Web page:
Exercising divine control over the body

We are fully endowed with divine power to remain in good health.

Originally published for the Christian Science Sentinel online on April 11, 2024

The first time  I fastened skis to my feet and headed downhill from the top of a mountain, I was afraid. My fright grew the faster I slid. The maneuvers I’d learned while practicing on the bunny hill weren’t working on the steep hill. I needed help. To regain control, I decided to tip over and crash, which I managed to do without harm. I then sought the advice of an experienced skier nearby, who showed me how to stop on steep terrain. Skiing suddenly became more fun!

My fledgling ski run taught me a valuable lesson about retaining control of the body. When reeling down the mountain with flailing arms and wayward skis, I looked and felt out of control. But I was not out of control; I was acting out of fear and ignorance. What I needed was a thought adjustment. When I replaced fear and ignorance with an understanding of how to maneuver my skis for better results, the picture of an out-of-control skier vanished. I was exercising dominion over my body.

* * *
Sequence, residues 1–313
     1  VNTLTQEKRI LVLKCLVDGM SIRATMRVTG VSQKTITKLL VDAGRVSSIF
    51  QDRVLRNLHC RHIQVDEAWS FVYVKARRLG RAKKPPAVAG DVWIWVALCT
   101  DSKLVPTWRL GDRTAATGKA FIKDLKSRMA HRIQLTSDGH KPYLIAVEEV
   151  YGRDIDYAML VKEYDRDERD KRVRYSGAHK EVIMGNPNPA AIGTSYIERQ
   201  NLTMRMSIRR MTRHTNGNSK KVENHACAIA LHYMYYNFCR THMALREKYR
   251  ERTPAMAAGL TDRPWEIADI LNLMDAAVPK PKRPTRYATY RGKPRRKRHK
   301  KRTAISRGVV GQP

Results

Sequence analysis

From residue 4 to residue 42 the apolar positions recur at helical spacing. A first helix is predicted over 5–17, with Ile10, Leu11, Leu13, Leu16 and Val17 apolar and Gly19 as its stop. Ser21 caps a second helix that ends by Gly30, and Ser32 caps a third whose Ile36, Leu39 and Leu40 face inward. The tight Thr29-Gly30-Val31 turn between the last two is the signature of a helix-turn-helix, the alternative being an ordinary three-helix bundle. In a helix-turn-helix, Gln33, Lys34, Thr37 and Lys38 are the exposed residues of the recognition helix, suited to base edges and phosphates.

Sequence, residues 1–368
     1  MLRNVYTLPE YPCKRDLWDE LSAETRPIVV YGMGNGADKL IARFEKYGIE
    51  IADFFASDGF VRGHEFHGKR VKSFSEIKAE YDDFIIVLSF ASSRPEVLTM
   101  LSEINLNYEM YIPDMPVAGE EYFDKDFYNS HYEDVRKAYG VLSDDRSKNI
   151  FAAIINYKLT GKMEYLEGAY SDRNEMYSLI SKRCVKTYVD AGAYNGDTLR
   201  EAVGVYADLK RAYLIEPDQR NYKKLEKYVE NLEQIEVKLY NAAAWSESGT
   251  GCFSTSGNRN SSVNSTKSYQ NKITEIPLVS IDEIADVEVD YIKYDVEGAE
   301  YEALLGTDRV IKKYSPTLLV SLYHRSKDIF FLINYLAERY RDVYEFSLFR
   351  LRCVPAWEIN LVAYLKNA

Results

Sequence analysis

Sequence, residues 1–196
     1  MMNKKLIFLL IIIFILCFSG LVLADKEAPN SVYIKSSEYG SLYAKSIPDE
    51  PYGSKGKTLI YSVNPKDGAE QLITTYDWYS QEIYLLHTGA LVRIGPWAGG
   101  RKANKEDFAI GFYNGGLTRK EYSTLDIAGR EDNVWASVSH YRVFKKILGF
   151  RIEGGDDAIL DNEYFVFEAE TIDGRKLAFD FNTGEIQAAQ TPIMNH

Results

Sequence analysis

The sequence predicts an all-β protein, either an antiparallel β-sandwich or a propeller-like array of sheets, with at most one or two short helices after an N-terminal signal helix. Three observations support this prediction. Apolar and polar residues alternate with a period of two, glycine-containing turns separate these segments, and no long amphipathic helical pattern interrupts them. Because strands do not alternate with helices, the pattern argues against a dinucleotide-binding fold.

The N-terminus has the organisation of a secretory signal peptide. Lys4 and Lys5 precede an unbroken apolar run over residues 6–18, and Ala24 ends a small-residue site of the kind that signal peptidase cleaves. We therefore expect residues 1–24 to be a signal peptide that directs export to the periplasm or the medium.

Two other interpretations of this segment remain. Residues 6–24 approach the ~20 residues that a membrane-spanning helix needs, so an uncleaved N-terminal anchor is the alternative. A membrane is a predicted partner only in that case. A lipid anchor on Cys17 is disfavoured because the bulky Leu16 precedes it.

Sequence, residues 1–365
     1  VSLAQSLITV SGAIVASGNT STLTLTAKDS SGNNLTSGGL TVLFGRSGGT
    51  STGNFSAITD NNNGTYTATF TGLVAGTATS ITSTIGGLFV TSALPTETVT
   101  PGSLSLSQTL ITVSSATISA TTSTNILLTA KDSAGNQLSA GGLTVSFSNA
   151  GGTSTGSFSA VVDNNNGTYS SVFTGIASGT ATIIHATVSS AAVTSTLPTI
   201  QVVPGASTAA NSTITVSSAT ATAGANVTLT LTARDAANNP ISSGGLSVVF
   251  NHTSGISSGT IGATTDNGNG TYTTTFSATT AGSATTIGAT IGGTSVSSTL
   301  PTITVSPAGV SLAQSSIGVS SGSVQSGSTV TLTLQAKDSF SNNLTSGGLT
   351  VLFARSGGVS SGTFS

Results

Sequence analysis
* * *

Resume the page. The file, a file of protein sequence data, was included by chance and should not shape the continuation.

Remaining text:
The same lesson applies to other times the body feels out of control. If an organ functions erratically, blood pressure rises too high, muscles twitch, or disease appears, we might feel that our body is out of control. But in truth, the body is never out of control. It manifests whatever state of thought is governing it. If fear is ruling thought, the body may tense up and conditions may feel unpredictable. If calm prevails, dominion is easier to establish. The body responds to thought the way a car responds to a driver. When the gas pedal is pressed to the floor, the car speeds up. If the brakes are applied, the car slows down. If a driver’s attention drifts, the car drifts. As a car is directed by the orders it is given, so is the body.

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